For most web devs and business owners, the phrase “SEO audit” is little more than a chore that gets taken care of every six months. Some website managers will even go a full year before running one, if at all. It’s not that they don’t think it’s valuable, but simply a matter of ROI. After all, the ultimate benefit of an SEO audit might be a marginal improvement in ranking, but it for a multi-hour affair, that’s not phenomenal.
If you’re using the right tools, have a bit of a setup, and know what to look for in your reporting, you can do your SEO audit during your lunch break, and you will be able to do it far more often.
Here are the three steps you need to take in order to complete a comprehensive, yet efficient, SEO audit.
Start Crawling Your Site
You might already be familiar with how a web crawler works. If you’re not, it’s simply a bot that goes through your sitemap and essentially reads every line of text, follows all of your links, and checks all of your code, indexing everything it comes into contact with. Search engines send web crawlers, also called spiders, all across the Internet to index pages and refer users to sites based on what they find.
Two pieces of good news: the first is that you can run your very own spider on your site by just giving it your home page. There are a variety of options to choose from, the most notable being Screaming Frog, which is great for enterprise IT. Another is InSite InSpyder, which is better for individual businesses. Screaming Frog is based on an annual license, though it has a free version with limited features, while InSite is a one-time purchase.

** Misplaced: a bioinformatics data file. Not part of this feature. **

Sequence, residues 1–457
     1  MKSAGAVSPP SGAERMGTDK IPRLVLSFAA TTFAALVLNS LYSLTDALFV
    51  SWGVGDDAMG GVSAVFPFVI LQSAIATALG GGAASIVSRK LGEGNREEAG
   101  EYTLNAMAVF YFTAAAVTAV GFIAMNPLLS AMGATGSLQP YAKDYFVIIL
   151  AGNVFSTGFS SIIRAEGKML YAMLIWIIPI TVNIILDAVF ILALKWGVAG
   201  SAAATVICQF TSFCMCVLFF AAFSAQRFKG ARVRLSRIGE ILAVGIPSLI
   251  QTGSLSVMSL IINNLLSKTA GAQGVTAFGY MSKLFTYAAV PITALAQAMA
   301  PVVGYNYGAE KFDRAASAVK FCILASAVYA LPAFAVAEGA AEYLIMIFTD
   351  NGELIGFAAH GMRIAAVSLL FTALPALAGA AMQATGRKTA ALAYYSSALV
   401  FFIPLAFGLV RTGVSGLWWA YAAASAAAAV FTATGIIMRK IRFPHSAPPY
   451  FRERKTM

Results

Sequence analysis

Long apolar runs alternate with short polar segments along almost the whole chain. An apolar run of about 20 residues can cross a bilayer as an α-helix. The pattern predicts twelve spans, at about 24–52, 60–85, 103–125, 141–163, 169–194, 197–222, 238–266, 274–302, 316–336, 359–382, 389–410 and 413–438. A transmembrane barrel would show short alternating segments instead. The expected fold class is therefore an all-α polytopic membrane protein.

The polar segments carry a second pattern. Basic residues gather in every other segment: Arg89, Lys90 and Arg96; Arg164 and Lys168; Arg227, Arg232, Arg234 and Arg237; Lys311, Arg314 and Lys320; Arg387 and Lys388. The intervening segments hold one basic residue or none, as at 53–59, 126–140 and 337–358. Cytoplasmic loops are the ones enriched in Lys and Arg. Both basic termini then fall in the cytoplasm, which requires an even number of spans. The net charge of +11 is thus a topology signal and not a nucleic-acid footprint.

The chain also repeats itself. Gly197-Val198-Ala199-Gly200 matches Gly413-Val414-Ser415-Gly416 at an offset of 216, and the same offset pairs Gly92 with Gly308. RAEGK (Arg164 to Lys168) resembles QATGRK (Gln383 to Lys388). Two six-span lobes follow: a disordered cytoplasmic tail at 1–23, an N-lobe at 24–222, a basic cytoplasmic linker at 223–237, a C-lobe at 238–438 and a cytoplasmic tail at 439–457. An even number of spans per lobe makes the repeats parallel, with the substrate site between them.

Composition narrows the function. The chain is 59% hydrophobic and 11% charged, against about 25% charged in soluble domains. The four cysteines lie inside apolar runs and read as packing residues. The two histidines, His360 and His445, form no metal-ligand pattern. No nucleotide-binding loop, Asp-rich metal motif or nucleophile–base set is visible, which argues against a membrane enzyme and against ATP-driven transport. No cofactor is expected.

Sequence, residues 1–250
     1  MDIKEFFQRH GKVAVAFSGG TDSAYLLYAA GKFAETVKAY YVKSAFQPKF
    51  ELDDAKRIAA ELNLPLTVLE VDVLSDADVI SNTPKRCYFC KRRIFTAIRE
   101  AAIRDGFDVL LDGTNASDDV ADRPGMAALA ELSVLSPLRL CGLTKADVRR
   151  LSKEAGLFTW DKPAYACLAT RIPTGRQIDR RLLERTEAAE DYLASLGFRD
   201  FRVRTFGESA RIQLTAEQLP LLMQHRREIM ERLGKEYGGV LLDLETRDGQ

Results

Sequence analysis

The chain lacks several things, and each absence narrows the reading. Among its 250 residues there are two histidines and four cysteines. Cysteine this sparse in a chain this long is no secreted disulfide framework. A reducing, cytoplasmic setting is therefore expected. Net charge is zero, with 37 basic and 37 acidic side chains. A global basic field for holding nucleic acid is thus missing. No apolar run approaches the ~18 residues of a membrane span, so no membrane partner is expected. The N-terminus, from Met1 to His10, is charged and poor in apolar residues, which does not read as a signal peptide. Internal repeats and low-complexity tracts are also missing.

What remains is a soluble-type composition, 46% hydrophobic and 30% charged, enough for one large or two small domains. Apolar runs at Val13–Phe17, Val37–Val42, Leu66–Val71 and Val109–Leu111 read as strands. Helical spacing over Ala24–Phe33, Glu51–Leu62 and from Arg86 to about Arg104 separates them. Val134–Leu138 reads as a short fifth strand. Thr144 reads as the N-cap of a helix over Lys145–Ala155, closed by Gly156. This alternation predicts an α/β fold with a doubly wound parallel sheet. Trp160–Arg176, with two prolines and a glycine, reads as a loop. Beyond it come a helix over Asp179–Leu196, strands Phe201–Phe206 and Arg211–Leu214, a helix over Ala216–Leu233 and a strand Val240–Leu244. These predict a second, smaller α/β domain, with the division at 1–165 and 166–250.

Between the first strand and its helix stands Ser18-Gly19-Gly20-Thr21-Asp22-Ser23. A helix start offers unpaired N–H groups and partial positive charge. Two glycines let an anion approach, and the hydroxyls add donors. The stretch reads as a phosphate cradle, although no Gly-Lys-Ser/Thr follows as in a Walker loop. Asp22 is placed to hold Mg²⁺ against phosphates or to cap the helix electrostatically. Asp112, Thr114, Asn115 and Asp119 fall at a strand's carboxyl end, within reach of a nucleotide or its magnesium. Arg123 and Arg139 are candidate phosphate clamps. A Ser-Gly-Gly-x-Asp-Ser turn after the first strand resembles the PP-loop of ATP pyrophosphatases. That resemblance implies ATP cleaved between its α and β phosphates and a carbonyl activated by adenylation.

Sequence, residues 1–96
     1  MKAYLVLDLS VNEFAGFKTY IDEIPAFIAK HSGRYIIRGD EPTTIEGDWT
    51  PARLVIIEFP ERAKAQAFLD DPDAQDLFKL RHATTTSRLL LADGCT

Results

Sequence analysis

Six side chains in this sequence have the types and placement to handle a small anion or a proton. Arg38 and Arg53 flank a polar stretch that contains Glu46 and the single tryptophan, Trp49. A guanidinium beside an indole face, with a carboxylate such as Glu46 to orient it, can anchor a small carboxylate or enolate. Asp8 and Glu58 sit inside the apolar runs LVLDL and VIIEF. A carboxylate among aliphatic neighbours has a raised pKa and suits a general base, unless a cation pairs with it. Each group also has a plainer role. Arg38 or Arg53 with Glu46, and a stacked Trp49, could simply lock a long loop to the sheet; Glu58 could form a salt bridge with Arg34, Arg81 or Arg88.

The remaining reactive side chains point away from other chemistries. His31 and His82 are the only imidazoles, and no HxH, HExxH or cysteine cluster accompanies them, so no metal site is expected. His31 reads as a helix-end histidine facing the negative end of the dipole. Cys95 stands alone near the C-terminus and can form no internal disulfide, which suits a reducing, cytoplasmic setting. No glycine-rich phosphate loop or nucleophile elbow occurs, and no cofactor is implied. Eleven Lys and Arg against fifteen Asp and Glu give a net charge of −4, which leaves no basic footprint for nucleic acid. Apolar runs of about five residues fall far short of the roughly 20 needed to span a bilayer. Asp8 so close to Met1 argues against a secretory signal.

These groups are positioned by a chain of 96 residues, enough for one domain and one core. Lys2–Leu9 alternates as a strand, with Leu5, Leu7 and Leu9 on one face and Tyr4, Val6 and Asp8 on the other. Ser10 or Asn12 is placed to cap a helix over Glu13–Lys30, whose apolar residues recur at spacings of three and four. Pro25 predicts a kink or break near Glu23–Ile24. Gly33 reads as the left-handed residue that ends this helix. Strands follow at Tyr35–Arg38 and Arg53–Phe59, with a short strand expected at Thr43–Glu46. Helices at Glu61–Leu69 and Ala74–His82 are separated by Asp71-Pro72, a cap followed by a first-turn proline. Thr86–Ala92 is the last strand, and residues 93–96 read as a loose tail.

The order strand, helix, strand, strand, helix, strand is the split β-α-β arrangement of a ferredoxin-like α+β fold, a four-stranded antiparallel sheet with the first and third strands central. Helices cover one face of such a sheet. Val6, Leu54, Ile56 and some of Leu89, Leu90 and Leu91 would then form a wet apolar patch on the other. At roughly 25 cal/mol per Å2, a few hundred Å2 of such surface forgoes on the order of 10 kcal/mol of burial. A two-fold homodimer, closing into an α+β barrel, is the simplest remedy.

The second bit of good news is that if you set it up properly, you won’t even need to worry about remembering to run the spider on your website. The spiders mentioned both have scheduling capabilities, so all you need to do is simply set a time frame – say, every two weeks – and you will automatically be emailed with a full audit. If you can get your crawler to do the work for you, it won’t take any time at all to actually have a report to view.
Analyze Your Report
Your report will probably include dozens of metrics you can use to measure your site’s SEO health. However, there are multiple baseline criteria that can give you a fairly complete picture of how search engines view your website.
Having broken links on your site is perhaps the most important consideration you should take with this report. Look and see if you have any errors with your links, and specifically look for any errors between the numbers 400 and 408 or between the numbers 501 and 510. Any of these will indicate that something is going wrong in the process of traveling to the site and that you need to either remove the link entirely or try and correct the error. Keep in mind that search engines will stop indexing your page if they find such errors, so you could cripple your SEO strategy if you have dead links, even from no fault of your own.